Cone Denim's Old Factory Is Back in Fashion
In her 50 years as a denim weaver at Cone Denim’s White Oak factory in Greensboro, N.C., Mildred “Mickey” Bolen has lived through layoffs, factory closures, and changing fashions—from the denim for blue-collar workwear she helped weave in the 1950s through the bell bottom era to the skinny and distressed looks that prevail today. Now, in a twist that belies the decades-long slide in U.S. manufacturing, Bolen, 77, finds her skills in hot demand.
Her employer has retrieved from storage old-school Draper looms that were retired in the 1980s when denim mills moved en masse to equipment that wove fabric more quickly and cheaply. Today’s denim connoisseurs are demanding jeans like the ones their grandfathers wore, with character and imperfections. And they’re willing to pay up to $350 for them. The most authentic of those jeans can be made only on vintage fly-shuttle looms, so-called because a wooden shuttle hurls the yarn across the width of the cloth.
Bolen, clad in a smock with three floral pockets for her scissors, quills, and other tools of the trade, is happy to still be working after seeing so many friends leave over the years. Yet she’s mystified by what passes for jeans these days. “People want a ragged look, like they’re wore out to start with,” she says. “Them that got holes in them cost more than those that ain’t.”
When Bolen first started at White Oak in the 1950s, Greensboro was a manufacturing hub that made everything from Vicks VapoRub to Newport cigarettes. In the late 1970s the region’s textile mills and apparel factories began closing, followed by furniture manufacturers that had begun losing sales to China. White Oak’s 107-year-old, red brick facility—America’s oldest working denim mill—has outlived its namesake, a massive tree that stood next to the mill, but much of the sprawling complex has been shuttered. The weave room that once stretched 400 yards is today a quarter as long.
In 2004 billionaire investor Wilbur Ross, chairman of WL Ross, bought Cone Mills and Burlington Industries out of bankruptcy and created International Textile Group. At the time global denim sales were rebounding, prompting Ross to merge two of the biggest denim makers and eliminate duplicative facilities and costs while expanding production in less-expensive emerging markets. While the economic downturn forced International Textile to idle a mill in Nicaragua, the company still operates two in Mexico and one in China.
The White Oak facility and its 300 employees (down from 2,800 in the 1970s) survived thanks in part to fashion whimsy. “All of a sudden customers started asking, ‘Where’s the old look we used to have?’ ” says Bud Strickland, Cone Denim’s director of product development. “As the requests came, we decided to put those old looms back on the floor and try to recreate what we created in the old days.”
Aficionados crave “selvage,” or “self-edge,” jeans, which are more durable than the modern variety and develop a kind of patina over time. They’re made on narrower fly-shuttle looms that create a continuous, uncut edge—something jeans devotees can tell instantly from the characteristic edging inside the legs or when the bottoms are rolled up. These jeans began disappearing in the 1970s as U.S. mills switched to high-speed looms to compete with fabric going into cheap apparel. The newer machines operated much faster but produced a less idiosyncratic product. More recently, Japanese companies discovered a market for old-fashioned jeans, which have since caught on with hipsters around the world. White Oak stays open by “targeting a niche business,” says Kenneth Kunberger, International Textile’s chief operating officer. “The only place in the world where these Draper fly-shuttle looms are running right now is right here.”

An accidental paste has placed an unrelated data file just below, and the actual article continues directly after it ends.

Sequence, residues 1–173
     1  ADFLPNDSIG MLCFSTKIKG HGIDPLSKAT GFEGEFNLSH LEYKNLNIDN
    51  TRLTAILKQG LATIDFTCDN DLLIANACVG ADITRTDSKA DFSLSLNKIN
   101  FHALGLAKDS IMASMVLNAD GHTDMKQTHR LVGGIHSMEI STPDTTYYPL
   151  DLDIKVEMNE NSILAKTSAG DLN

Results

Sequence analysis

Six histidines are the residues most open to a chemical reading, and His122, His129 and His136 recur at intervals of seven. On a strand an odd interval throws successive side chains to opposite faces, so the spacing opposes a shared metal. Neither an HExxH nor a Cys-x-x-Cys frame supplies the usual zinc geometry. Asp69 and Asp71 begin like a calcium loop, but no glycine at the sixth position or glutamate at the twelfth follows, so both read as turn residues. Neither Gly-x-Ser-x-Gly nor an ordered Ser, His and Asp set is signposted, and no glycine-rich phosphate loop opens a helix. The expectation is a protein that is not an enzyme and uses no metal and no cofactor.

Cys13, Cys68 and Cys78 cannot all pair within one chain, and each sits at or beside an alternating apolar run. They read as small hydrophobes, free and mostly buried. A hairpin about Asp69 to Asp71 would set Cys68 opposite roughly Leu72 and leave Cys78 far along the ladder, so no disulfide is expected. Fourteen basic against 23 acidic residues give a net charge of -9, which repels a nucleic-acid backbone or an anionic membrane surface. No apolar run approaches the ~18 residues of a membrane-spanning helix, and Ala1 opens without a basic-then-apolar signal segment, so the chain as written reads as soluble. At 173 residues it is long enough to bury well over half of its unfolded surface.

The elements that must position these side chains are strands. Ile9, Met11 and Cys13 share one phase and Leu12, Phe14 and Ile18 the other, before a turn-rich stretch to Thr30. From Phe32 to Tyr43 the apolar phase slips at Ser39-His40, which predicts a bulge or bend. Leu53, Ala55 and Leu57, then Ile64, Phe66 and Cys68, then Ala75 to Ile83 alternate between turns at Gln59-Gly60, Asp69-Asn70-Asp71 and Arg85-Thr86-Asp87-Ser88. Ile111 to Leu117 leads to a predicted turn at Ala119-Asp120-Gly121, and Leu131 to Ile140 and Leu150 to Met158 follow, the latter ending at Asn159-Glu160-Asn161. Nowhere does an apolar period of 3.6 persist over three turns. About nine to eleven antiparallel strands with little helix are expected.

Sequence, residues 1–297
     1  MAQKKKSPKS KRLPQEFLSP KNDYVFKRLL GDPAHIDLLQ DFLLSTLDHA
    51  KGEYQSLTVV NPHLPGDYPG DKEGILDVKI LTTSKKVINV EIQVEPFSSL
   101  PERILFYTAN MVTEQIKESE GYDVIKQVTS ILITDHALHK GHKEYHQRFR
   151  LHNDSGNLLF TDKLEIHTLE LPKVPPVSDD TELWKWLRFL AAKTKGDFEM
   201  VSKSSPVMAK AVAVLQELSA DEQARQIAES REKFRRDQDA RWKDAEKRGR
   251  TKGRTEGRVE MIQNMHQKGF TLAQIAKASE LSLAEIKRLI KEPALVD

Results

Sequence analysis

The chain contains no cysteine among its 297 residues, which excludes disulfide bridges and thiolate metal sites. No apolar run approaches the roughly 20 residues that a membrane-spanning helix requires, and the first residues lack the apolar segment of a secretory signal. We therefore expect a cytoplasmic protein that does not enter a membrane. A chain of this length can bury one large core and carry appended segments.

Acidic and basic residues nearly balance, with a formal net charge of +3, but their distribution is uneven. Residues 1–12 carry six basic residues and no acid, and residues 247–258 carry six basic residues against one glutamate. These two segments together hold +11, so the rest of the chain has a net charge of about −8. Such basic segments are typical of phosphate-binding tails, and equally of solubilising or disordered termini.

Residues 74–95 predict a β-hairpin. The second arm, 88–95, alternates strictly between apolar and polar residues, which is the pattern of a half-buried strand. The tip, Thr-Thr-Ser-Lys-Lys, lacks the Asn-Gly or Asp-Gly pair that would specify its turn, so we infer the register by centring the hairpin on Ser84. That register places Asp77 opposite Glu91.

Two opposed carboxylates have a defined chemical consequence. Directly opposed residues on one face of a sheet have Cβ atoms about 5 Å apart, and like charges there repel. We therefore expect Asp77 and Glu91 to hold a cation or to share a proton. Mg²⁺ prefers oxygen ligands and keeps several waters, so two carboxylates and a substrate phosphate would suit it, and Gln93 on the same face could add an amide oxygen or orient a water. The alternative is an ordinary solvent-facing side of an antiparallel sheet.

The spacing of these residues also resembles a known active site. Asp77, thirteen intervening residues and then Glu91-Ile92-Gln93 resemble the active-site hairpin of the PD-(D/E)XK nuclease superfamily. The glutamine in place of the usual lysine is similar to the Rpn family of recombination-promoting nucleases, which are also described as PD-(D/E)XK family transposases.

That’s why Jeffrey Lubell, founder and chief executive officer of True Religion Apparel, buys most of his fabric from Cone Denim. “They produce very unique denim that you can’t get in high-speed looms,” says Lubell. “‘Made in America’ is extremely important to my brand.” Levi Strauss is another customer. Its vintage collection replicates fabrics from the White Oak mill’s archives. They fetch as much as $325 a pair at Industrie Denim, a premium denim seller started last year by Levi’s and Mark Werts, founder of luxe retailer American Rag Compagnie. “Some mills make fabric; Cone makes history,” says Jonathan Kirby, vice president of design for the Levi’s brand.
The White Oak mill has long doubled as a research center. In the 1920s it developed a patented dyeing process. In 1969, after a warehouse flood soaked and soiled finished denim, workers cleaned the fabric and inadvertently created the first bleached jeans, according to company lore. This year, White Oak started making fabric from recycled plastic beer, soda, and water bottles. Another innovation: jeans that are less likely to sag as the day wears on thanks to a just-patented yarn process. “We can develop things here that we’d have a difficult time developing at our other plants because people don’t have the experience,” Strickland says.
Despite White Oak’s revival, International Textile continues to struggle after losing $80.2 million last year. Still, global demand for jeans has rebounded from a decline in 2009 and sales of the priciest jeans, like those crafted from White Oak’s denim, will grow 3.7 percent to $8.2 billion this year, says Euromonitor International. “It is not a fad,” says Todd Hooper, a retail strategist for consulting firm Kurt Salmon. “High-end [denim] is an established, growing part of the market, with jeans at $170 and above a mainstay of many brands.”
That’s welcome news for Mildred Bolen, who honed her craft during a half century at White Oak. “I have wove from one end of this weave room to the other,” she says. “I’m proud. I put food on the table and raised three young ’uns. I quit 500 times but didn’t have time to go tell them.”